One of our recent projects is supported by the Russian Science Foundation.
Apart from several institutes of KFU, employees of the University of Oslo and Izhevsk State Technical University partake in the grant titled “Distributive-quantitative analysis of semantic changes based on large diachronic corpuses.”
For the first time, scientists will describe how, from the sixteenth century to the present, the meanings of hundreds of thousands of words in Russian and English have changed. Based on the mathematical models they created for changing the meanings of words, a general theory of the evolution of the language lexicon will be developed.
“The meaning of words changes over time. Such changes are not always striking. A simple example. One hundred years ago, the word "satellite" had the meaning of "traveling companion." In the middle of the 20th century, this word began to be used in the context of "artificial satellite of the Earth", and after a while - in the meaning of "communication satellite". One hundred years ago, this phrase would have seemed simply absurd," says Valery Solovyov, Professor, Chief Research Associate, and a co-participant of the project.
“Researchers now have gigantic collections of texts. For example, the Google Books collection contains texts with a total volume of more than 67 billion words in Russian alone, and in English - more than 500 billion. For each word that interests us, one can almost instantly find all its uses - thousands and millions of examples. This opportunity will be used in our study. For the first time, we will identify and describe the evolution of a large number of words in the Russian language. The study concerns both individual words and the entire vocabulary of the language as a whole. Many interesting questions still remain unexplored. Over time, does the meaning of words change faster or slower? Are synonyms converging or diverging in meaning? Within the framework of the project, we expect to receive answers to these and many other questions, to build a general theory of the evolution of the language lexicon, approaching the level of rigor to natural science theories,” continues Solovyov, an experienced specialist in mathematical and computer linguistics.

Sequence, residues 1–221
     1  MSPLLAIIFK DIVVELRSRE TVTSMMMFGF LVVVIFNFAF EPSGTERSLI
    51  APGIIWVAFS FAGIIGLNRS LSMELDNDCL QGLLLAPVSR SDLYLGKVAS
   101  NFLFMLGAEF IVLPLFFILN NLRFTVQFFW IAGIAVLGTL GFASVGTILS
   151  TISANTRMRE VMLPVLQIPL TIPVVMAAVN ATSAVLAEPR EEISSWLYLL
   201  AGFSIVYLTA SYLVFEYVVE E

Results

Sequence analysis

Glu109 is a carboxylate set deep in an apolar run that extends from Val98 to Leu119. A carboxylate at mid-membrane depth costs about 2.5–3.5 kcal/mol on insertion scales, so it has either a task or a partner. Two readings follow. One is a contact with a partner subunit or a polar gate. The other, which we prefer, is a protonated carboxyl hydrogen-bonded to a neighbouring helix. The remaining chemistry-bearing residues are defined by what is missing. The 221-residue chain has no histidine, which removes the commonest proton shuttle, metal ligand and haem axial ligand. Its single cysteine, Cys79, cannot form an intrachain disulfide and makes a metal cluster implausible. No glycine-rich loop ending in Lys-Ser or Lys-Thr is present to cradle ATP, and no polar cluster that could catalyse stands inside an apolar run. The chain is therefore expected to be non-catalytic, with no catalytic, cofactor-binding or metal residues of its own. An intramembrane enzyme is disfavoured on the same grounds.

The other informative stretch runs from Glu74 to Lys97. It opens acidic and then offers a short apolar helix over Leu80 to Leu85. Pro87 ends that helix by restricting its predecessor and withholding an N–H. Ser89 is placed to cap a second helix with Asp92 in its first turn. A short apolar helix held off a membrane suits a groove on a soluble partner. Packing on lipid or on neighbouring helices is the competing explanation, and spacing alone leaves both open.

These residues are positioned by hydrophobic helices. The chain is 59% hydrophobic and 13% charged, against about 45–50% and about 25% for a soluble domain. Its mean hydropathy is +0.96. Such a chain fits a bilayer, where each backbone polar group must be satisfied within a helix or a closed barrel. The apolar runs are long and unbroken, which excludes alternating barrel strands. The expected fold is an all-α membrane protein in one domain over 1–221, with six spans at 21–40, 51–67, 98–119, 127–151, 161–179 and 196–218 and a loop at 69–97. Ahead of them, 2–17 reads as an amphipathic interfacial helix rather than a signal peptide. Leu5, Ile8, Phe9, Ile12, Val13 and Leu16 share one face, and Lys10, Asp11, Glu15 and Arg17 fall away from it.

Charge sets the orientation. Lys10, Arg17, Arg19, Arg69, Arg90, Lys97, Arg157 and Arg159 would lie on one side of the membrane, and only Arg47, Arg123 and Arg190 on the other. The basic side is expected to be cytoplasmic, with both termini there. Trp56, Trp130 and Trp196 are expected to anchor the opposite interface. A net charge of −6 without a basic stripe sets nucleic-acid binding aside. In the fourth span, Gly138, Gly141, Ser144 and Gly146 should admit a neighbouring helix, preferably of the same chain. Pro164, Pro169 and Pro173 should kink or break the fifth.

Project head, Professor Oleg Zholobov (Institute of Philology and Intercultural Communication) emphasizes that semantics is a rather labor-intensive research area and thus less developed than phonetics or grammar.
“New opportunities for studying semantic changes have appeared in recent years due to the creation of large and extra-large diachronic corps covering texts at time intervals of 100 years or more, as well as to the ever-increasing volumes of texts on social networks. The use of computer methods (including artificial intelligence methods) allows not only to detect changes in the meanings of specific words, but also to quantitatively study the dynamics of semantic changes and discover their new patterns,” comments Zholobov.
Recently, the processes of lexical changes have accelerated due to intensive communication in social networks. The new meanings of the words that researchers will identify can replenish lexicographic resources, such as WordNet thesauri, RuWordNet and new generation dictionaries, used in a variety of NLP applications, improving the quality of search and understanding of questions in recommendation systems.
The research will include materials in Russian and English languages based on the main accessible large diachronic corpuses: Google Books Ngram, the National Corpus of the Russian language, the Manuscript Corpus of Ancient and Medieval Slavic and Russian texts, Kazan electronic collection of written heritage of the 12th – 14th centuries, General Internet Corpus of the Russian language, including data from VKontakte and other social networks, as well as the Corpus of Historical American Language.
Source text: Larisa Busil
Translation: Yury Nurmeev